Wedding industry sees business surge as more people get vaccinated in the US

Signs of a bridal boom as wedding vendors see rise in demand

‘The Knot’ executive director Lauren Kay discusses the recent rise in weddings and how to plan one in the pandemic.

Wedding industry experts have been predicting that the latter half of 2021 will be seeing a drastic bounce back thanks to coronavirus vaccine distribution, and vendors throughout the country have found this prediction to be accurate so far.

Katie Zeim, a senior catering sales executive at The Vinoy Renaissance St. Petersburg Resort & Golf Club told FOX Business that weddings have been picking up in the St. Petersburg, Florida area since November.

"Couples are looking to host their weddings at a location with good weather for an outdoor event or in a state with less restrictions where guests can mingle and dance," Zeim said. "We’re seeing plenty of last-minute 'elopements' of local couples wanting to get married in front of family now and plan something larger in a year, and we’re already also receiving a strong amount of bookings for weddings of 150 guests and above."

Weddings have been picking up in the St. Petersburg, Florida area since November, according to Katie Zeim, a senior catering sales executive at The Vinoy Renaissance St. Petersburg Resort & Golf Club. (Ledia Tashi Photography LCC)

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Meanwhile, over in Massachusetts, The Barn at Bradstreet Farm is seeing a surge of business inquiries as the country gets closer to fully reopening.

"After a dismal 2020 (most of our couples postponed until 2021), we'll host 50+ events this year," Bradstreet Farm’s Co-owner Michelle Faulkner wrote to FOX Business. "Inquiries have picked up dramatically since vaccines became available, but more importantly, couples who were already booked with us are feeling much happier and more confident about their plans. Our clients [who] originally booked for 2020 were so unbelievably stressed, and many were putting other life plans – like buying houses, and having babies – on hold until after their weddings. It was so difficult for them."

Although wedding plans are resuming for couples who chose to wait the pandemic out, Faulkner noted that newly engaged couples will face competition when it comes to booking dates. The Barn at Bradstreet Farm has almost all of 2022 booked and couples are already securing dates for 2023; and this trend could carry over to other venues that are in high demand.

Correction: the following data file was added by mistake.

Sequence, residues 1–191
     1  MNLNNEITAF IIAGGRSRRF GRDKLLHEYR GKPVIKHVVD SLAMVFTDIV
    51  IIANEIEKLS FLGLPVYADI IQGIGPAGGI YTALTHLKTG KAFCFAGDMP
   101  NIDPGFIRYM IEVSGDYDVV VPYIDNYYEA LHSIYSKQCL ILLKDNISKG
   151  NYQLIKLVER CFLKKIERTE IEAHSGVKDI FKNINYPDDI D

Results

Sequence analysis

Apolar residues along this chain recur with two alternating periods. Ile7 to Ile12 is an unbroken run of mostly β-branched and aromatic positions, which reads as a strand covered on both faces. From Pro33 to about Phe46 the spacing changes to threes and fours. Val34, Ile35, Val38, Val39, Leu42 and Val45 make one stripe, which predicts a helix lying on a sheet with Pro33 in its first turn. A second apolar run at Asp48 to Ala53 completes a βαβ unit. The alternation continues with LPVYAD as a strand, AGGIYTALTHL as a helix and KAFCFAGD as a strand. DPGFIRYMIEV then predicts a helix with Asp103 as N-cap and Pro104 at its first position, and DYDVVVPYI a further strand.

"A couple that became engaged today would have a very tough time scheduling something for 2021, especially if they want a Saturday night," Faulkner explained.

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While elopements, micro-weddings and virtual ceremonies held the spotlight for most of 2020 and the first half of 2021, some couples plan on celebrating their nuptials with larger gatherings.

With more than a year of the coronavirus pandemic, some couples are getting ready to have a bigger celebration when they tie the knot. (iStock)

According to Jason Alexander Rubio, co-owner of Austin's Best Wedding DJs & Photo Booths, couples are planning weddings with guest counts that are between 150 and 300 people in Texas, much like they were doing in 2019.

"The first quarter of 2021 looked a lot like 2020, in regards to weddings being very small and people continuing to wear masks and social distance. As more people are getting vaccinated, things have changed. In the last few weeks, calls and emails have gone up for us by 300% or more. We can hardly keep up with the inquiries," Alexander Rubio told FOX Business. "We believe that [it’s] because people are hearing the news about so many people getting vaccinated, and everyone knows someone who has already gotten the vaccine, [so] people are feeling much more at ease with planning weddings/events. Couples have told us exactly this."

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More than 118 million Americans are fully vaccinated, according to data released by the CDC. The health agency also announced on Thursday that people who are fully vaccinated for COVID-19 "can resume activities without wearing a mask or physically distancing" – so long as there’s not a conflict with local or federal mandates.

This news may be viewed as a positive for the 47% of couples who postponed their wedding reception to a later date, according to The Knot’s 2020 Real Weddings Study [COVID-19 Edition].

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For example, bride-to-be Emily Stern told FOX Business that she and her fiancé got engaged in January 2020 and originally planned for a May 2021 wedding, but were forced to postpone since vaccines weren’t as readily available for non-healthcare employees in the weeks leading up to their chosen date.

Bride-to-be Emily Stern and her fiancé Brian postponed their wedding out of an abundance of caution. (Emily Stern)

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"We weren’t confident that even our grandparents would be vaccinated by May, let alone our friends in their late 20s with no underlying conditions. Now, we are feeling incredibly optimistic that we’ll be able to safely hold a 250-person wedding indoors in six months," Stern explained. "I think couples that got engaged within the past 14 months who have delayed making plans in fear of having to cancel or postpone are now feeling confident enough to take the plunge and set a date, but they’re likely realizing that their desired dates or venues might already be booked."

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